Lauren Elena White

Cell: 510.575.7454

Residence: 510.266.6226


Project: Swing Your Song Down Low

Part 1: Short Fiction







For Sax and Flute


Jazz Children


Mikal: Call & Response






Folks talked about her from the day she moved into the

neighborhood. Single, with a bastard child, some said.

How, they whispered. Where is her husband?

I saw her in town yesterday. One side of her hips

swept up, as the other side rolled down. A peculiar silence

swept the street. Flaming eyes turned to look.


We had left our homes innocently enough that morning; the men

intending to buy feed for the chickens and rabbits,

soap powder for the women, yet were stopped, dead in our

tracks. Her hips played a distinctive music none could

ignore, even if they had wanted to. My best friend Pearl

and her husband, Eddie, were the most obvious. He walked

right into a pole, blood streaming down his face onto his

new nicely starched, blue and white calico shirt. They had

purchased it from the Sears catalog. It was an

ostentatious choice,  bound to attract gossip.

I smiled at all the fuss though I too was intrigued.

Now, I didn't know this woman or her story, but

I do know, long after the man is gone, the children still

gonna need feeding. They will still need shoes on they feet.


Miya was unlike the others though she spoke their

language. She was darker than them, more like me. The

Mexicans called her a Porto Ricana. If Miya had asked, I

would have told her to watch out for the loose lipped no

matter what gibberish flows from the mouth, but in them days

she didn't speak much English. "Buenos Noches," she would

say, after a long day picking fruit. I would just smile.

I loved her voice and I would repeat the phrase to my

husband Joe after a particularly sumptuous meal. He would

grab me round my waist and ask me what else that woman done

teached me.


In the summer of 1938, Morelli & Son's Cannery put up

signs all over town asking for fruit pickers. That's how

me, Miya, Pearl , Eddie, and the rest of the pickers, ended

up in the back of the same truck. Wouldn't you know it,

truck filled with day workers and Eddie-Mr.-Mechanic-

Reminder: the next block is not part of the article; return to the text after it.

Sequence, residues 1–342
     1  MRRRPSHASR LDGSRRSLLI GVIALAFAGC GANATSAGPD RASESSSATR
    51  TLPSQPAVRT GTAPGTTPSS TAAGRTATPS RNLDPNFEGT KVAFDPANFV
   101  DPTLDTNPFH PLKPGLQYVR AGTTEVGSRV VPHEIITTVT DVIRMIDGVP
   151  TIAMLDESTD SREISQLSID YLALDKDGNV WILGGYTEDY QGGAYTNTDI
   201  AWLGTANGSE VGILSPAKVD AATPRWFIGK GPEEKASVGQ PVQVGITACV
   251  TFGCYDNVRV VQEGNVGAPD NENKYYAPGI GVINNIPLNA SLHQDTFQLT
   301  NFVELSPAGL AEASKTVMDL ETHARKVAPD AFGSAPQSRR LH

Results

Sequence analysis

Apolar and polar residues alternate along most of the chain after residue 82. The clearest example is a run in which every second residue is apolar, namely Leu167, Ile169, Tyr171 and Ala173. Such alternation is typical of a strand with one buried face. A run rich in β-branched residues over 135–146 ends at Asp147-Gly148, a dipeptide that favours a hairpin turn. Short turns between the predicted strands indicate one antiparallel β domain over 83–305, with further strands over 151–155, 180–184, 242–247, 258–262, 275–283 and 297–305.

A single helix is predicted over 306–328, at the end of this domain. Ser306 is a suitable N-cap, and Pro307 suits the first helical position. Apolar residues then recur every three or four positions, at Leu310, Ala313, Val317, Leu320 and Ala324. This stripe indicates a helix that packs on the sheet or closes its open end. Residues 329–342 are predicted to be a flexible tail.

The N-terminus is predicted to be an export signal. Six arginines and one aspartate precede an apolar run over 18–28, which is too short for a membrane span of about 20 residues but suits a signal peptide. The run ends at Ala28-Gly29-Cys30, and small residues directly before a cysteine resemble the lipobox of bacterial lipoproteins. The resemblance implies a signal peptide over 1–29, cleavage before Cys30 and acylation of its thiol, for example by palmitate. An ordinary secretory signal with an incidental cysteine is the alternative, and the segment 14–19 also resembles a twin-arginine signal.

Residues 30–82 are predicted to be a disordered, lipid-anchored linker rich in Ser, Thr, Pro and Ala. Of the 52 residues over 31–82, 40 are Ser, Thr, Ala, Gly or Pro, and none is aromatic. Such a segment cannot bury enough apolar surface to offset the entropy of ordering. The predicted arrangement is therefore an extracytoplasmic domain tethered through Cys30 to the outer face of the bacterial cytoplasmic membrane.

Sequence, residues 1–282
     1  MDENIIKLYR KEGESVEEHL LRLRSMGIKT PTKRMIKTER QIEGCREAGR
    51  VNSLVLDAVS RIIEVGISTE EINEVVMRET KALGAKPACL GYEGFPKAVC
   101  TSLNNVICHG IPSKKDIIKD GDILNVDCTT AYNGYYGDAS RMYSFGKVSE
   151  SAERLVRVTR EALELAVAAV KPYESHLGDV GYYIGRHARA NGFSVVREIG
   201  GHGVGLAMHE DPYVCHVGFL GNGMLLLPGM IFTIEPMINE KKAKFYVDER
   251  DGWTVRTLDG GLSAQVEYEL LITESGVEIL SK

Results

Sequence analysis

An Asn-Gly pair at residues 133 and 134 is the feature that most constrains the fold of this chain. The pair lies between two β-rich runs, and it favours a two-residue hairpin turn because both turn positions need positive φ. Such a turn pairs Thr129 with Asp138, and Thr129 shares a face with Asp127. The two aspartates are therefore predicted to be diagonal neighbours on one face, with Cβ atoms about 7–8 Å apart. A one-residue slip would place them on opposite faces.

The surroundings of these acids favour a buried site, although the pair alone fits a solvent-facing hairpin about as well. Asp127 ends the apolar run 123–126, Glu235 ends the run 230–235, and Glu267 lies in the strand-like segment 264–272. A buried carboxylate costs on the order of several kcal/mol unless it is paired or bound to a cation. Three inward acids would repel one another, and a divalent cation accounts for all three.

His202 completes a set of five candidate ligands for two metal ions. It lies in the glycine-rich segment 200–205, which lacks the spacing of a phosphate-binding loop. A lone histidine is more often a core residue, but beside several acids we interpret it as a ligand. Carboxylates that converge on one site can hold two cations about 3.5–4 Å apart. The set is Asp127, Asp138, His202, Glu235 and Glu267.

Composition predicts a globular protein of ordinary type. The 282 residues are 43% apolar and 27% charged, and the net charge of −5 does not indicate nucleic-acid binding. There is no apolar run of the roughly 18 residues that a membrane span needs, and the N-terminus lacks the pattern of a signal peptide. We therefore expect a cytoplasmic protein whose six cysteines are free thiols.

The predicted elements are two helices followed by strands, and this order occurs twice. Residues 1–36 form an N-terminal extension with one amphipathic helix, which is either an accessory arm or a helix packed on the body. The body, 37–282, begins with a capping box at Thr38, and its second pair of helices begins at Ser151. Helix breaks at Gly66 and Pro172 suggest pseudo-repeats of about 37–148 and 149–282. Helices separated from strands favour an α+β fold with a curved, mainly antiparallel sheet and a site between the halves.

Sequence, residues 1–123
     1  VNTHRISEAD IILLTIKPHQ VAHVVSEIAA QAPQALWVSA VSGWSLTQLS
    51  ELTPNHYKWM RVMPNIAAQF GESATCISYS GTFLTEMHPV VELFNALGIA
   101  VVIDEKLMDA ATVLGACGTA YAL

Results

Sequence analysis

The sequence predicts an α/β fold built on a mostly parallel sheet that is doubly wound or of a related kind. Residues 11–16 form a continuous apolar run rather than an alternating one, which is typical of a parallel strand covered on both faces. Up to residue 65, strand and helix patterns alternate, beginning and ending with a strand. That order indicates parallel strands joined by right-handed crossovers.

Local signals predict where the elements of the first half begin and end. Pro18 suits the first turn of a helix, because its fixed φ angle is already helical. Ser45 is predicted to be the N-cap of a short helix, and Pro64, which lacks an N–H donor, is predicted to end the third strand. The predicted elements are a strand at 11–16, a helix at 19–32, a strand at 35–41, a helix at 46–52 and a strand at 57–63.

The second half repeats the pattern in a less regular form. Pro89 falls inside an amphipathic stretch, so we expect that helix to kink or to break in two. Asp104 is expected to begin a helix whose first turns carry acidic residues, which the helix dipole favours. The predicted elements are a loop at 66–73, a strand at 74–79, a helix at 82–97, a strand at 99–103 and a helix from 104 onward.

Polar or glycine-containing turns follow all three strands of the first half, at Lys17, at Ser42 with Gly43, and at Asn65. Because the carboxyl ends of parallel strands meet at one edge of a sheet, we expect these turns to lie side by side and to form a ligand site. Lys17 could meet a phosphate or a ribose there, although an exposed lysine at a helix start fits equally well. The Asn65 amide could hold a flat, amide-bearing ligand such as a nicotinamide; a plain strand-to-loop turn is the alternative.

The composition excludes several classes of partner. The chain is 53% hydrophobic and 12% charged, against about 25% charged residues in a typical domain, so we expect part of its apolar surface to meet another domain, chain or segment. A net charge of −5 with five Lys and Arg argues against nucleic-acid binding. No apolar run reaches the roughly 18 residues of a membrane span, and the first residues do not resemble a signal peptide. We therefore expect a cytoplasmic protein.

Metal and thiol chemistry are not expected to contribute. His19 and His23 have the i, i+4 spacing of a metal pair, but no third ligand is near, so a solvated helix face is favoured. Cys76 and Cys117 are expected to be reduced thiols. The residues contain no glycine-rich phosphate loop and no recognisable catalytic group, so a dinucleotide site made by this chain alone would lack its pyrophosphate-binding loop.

Johnson, is gonna take a day off his regular work to slave

in the fields. I'll be damned!" I whispered.

Pearl looks at him hard when he makes this announcement.

Turned him inside out. A risk he ought not have taken.

What is revealed in action, transforms suspicion.into facts.

Thats what joe be saying.

"Thought you had stuff you hadda fix 'round the house Eddie-Jack!"

Pearl 's voice one step below exploding.

"Now you know I can do that any old time, Pearl.

Sides, with all them foreign men in the orchards, no telling what might happen..

You might jest need me."

Pearl wondered where he had lost his mind?

Since when had she, at 5 foot 9 and 180 pounds, needed protecting?

She mulled this over, confusion settling into her bones.

Why, she could whup Eddie-Jack hands down.

He was a full 4 inches shorter than she, and lean like a stringbean.

She then turned toward Miya and I swear, I saw the devil

loosed, just behind Pearl 's eyes.

Eddie climbed on to the truck and sat next to his wife.

I stole a glance at Miya. She looked right back at me and grinned,

rolled them big, black eyes into her head

I couldn't help myself and fell into full faced laughter.

I even slapped my thighs!

Our laughter was bout to drive poor Pearl and Eddie crazy,

he for one reason, she for another, so we stopped.

forced it inward and waited to see if Pearl

was gonna dump Eddie over the side of the truck.


At supper that evening, Joe told me he saw Eddie-Jack in

Miya's backyard night before last, next to her clothesline,

trying to inhale her silk stockings. Joe described to me

the flare of Eddie's nostrils against the honey scent, the

crook of his neck, brightened, by a harsh and fiery moon.

Eddie did not disrespect Pearl , he simply did not remember her.

The fact of her was beyond his grasp.

Joe tells me he understands what forced Eddie out on that clear,

luminous night, it was immediate, pervasive.

Meanwhile, Pearl had eaten of bittersweet envy,

transformed into a kind of hatred.

I mean, I understood the outside of it.

But Pearl and I had come up together and there had always been